scale (step 2):                     torch.Size([32, 512, 1, 1])
shift (step 3):                     torch.Size([32, 512, 1, 1])
scale * norm_image + shift (ouput): torch.Size([32, 512, 4, 4])

Progressive Growing

Now there's one last piece we need to understand the main components of styleGAN. Progessive growing is just what it sounds like. The generator will create a small image and progressively grow the size. It doubles the image in size until getting the image to the required size. This allows for higher quality and resolution photos.

Intuitively this makes sense. It'd be much harder to generate an entire picture all at once that all meshes well together. Instead we put basic structures and build on it slowly by filling in more and more fine details over time as the image you are generating increases in size.

So let's jump into it. Let's create a re-usable block to implement this using the other components as well. Here's what we need:

  1. An upsampling layer (for progressive growing)
  2. A convolutional layer (standard for image problems)
  3. Random noise injection (we created that above)
  4. An AdaIN layer (we created that above)
  5. An activation (just like all neural networks need)
class MinifiedStyleGANGeneratorBlock(nn.Module):

    def __init__(self, in_chan, out_chan, w_dim, kernel_size, starting_size, use_upsample=True):
        self.use_upsample = use_upsample
        if self.use_upsample: self.upsample = nn.Upsample((starting_size), mode='bilinear')
        self.conv = nn.Conv2d(in_chan, out_chan, kernel_size, padding=1) 
        self.inject_noise = InjectNoise(out_chan)
        self.adain = AdaIN(out_chan, w_dim)
        self.activation = nn.LeakyReLU(0.2)

    def forward(self, x, w):
        if self.use_upsample: x = self.upsample(x) # upsample        (step 1)
        x = self.conv(x)                           # conv layer      (step 2)
        x = self.inject_noise(x)                   # noise injection (step 3)        
        x = self.activation(x)                     # activation      (step 4)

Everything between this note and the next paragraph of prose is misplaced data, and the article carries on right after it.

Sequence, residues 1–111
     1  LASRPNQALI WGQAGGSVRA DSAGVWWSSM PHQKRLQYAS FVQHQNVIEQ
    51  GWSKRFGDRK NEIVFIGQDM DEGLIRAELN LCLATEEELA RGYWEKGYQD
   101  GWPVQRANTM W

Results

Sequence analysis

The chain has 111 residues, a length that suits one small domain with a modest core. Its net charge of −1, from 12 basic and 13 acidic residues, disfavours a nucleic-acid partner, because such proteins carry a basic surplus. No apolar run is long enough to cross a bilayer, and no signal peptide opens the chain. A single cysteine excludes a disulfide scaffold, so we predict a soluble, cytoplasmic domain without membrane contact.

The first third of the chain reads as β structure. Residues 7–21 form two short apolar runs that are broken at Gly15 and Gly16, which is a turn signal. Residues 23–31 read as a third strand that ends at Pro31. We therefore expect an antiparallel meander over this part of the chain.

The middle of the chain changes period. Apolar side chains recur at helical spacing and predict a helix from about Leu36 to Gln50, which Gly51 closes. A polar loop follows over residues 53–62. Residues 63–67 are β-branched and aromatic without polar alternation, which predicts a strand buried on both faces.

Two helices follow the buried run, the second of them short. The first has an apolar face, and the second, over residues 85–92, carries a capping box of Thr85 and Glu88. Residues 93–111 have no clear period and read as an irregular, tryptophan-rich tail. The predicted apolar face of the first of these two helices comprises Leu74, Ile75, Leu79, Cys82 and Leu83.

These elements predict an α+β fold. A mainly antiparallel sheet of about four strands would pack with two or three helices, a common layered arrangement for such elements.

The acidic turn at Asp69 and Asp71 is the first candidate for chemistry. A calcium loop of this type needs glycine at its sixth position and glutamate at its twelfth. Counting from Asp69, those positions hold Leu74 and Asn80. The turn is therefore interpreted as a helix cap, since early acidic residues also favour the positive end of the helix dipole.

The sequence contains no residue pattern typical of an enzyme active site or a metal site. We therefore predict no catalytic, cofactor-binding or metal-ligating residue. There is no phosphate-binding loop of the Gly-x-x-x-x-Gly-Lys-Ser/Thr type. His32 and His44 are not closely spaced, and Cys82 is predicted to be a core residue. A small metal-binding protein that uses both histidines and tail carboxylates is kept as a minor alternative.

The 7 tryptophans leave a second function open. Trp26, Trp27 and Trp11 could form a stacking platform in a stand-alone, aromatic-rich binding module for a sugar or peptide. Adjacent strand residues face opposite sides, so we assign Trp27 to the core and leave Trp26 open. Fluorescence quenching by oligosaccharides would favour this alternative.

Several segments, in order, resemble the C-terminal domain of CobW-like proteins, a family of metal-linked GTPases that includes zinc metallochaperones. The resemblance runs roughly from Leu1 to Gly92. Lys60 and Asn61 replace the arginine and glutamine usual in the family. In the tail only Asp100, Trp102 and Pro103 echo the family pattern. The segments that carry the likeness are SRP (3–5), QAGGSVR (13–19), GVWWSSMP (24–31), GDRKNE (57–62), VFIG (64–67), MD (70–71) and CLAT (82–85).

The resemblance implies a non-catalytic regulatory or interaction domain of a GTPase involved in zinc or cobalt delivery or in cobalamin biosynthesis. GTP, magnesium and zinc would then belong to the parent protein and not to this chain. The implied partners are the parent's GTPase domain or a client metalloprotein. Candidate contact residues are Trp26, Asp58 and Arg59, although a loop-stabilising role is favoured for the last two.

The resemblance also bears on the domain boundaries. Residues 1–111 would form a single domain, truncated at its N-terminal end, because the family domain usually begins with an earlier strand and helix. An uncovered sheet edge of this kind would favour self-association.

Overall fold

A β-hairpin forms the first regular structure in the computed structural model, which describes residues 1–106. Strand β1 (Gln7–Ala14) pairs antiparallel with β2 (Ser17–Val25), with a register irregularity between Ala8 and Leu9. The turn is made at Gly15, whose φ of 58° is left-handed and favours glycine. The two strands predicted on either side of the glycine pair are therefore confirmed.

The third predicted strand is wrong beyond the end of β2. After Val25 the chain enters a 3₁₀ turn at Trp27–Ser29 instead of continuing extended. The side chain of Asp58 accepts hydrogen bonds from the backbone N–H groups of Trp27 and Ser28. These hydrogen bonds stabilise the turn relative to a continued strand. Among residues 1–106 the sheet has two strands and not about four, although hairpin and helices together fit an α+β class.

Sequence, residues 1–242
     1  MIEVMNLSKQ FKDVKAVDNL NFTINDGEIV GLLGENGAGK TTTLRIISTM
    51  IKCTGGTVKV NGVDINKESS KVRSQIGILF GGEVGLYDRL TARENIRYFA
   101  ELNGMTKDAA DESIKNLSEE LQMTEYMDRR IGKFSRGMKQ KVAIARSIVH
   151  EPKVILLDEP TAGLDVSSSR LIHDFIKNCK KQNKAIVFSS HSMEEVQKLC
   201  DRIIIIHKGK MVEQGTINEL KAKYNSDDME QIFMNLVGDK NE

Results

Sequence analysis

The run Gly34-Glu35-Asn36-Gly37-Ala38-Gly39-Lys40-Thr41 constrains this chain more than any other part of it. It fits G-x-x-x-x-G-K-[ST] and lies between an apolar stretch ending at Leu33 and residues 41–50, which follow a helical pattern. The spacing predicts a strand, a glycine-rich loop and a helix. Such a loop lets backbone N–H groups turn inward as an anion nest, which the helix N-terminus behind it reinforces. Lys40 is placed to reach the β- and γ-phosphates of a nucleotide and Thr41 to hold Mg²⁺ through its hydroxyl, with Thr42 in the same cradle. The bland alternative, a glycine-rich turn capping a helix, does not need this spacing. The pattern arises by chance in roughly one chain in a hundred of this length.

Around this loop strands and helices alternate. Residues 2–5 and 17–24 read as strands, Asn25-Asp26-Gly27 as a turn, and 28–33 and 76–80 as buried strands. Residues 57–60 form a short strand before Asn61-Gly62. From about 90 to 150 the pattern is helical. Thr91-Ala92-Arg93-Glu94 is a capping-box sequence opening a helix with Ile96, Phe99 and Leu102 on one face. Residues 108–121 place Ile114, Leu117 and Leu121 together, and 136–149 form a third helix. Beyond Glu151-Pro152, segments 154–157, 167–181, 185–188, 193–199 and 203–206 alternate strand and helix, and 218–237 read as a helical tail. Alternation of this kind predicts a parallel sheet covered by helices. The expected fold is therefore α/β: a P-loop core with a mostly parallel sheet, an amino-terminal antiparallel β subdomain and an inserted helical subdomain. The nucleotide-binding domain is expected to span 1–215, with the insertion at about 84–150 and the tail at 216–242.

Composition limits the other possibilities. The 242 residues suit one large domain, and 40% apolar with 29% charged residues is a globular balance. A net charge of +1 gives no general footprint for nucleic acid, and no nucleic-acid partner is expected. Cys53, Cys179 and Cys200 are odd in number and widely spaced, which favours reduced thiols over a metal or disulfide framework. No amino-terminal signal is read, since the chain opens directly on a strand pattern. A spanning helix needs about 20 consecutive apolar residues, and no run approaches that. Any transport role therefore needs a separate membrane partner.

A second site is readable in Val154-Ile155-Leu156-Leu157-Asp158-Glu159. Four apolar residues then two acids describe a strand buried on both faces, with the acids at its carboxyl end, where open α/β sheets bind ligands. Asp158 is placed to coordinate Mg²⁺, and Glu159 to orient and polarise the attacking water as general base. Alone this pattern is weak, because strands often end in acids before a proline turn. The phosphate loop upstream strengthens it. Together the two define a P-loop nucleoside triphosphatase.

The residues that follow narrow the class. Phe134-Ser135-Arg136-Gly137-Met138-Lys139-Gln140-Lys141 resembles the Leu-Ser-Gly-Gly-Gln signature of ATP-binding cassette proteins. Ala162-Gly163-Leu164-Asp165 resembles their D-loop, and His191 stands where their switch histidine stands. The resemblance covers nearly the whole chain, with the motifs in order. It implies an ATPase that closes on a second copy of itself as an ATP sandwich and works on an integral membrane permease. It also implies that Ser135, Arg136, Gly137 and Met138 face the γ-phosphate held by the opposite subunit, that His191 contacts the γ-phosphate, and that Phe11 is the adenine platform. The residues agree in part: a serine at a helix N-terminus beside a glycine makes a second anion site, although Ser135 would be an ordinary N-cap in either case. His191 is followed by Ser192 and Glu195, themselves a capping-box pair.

x = self.adain(x, w)                       # AdaIN           (step 5)
        return x

Now, you can implement progressive growing and put it all together. Let's see how that works in StyleGAN. As you can see we move from an 8x8 image to a 16x16 image. StyleGAn will do this many times.

Keep in mind all of this is simplified and scaled down from what is in StyleGAN. The purpose of this blog was to communicate the core concepts and techniques used in StyleGAN, not necessarily show the practical applications. Stay tuned for a blog that shows practical application of these concepts!

class MinifiedStyleGANGenerator(nn.Module):

    def __init__(self, z_dim, map_hidden_dim, w_dim, in_chan, out_chan, kernel_size, hidden_chan):
        super().__init__() = MappingNetwork(z_dim, map_hidden_dim, w_dim) = nn.Parameter(torch.randn(1, in_chan, 4, 4))
        self.block0 = MinifiedStyleGANGeneratorBlock(in_chan, hidden_chan, w_dim, kernel_size, 4)
        self.block1 = MinifiedStyleGANGeneratorBlock(hidden_chan, hidden_chan, w_dim, kernel_size, 8)
        self.block2 = MinifiedStyleGANGeneratorBlock(hidden_chan, hidden_chan, w_dim, kernel_size, 16)
        self.block1_to_image = nn.Conv2d(hidden_chan, out_chan, kernel_size=1)
        self.block2_to_image = nn.Conv2d(hidden_chan, out_chan, kernel_size=1)

    def upsample_to_match_size(self, smaller_image, bigger_image):
        return F.interpolate(smaller_image, size=bigger_image.shape[-2:], mode='bilinear')

    def forward(self, noise, return_intermediate=False):
        w = # This is our mapping network going from noise -> w
        x = self.block0(, w) # w from mapping network is input here
        x1 = self.block1(x, w) # w noise from mapping network is input here also
        image1 = self.block1_to_image(x1)
        print(f'ImageSize1      {image1.shape}')
        x2 = self.block2(x1, w) # w noise from mapping network is input here also
        image2 = self.block2_to_image(x2)
        print(f'ImageSize2      {image2.shape}')
        x1_upsample = self.upsample_to_match_size(image1, image2)
        return 0.2 * (image2) + 0.8 * (x1_upsample)  
tmp = MinifiedStyleGANGenerator(z_dim=128, map_hidden_dim=1024,w_dim=496,in_chan=512,out_chan=3, kernel_size=3, hidden_chan=256)(get_truncated_noise(10, 128, 0.7))
ImageSize1      torch.Size([10, 3, 8, 8])
ImageSize2      torch.Size([10, 3, 16, 16])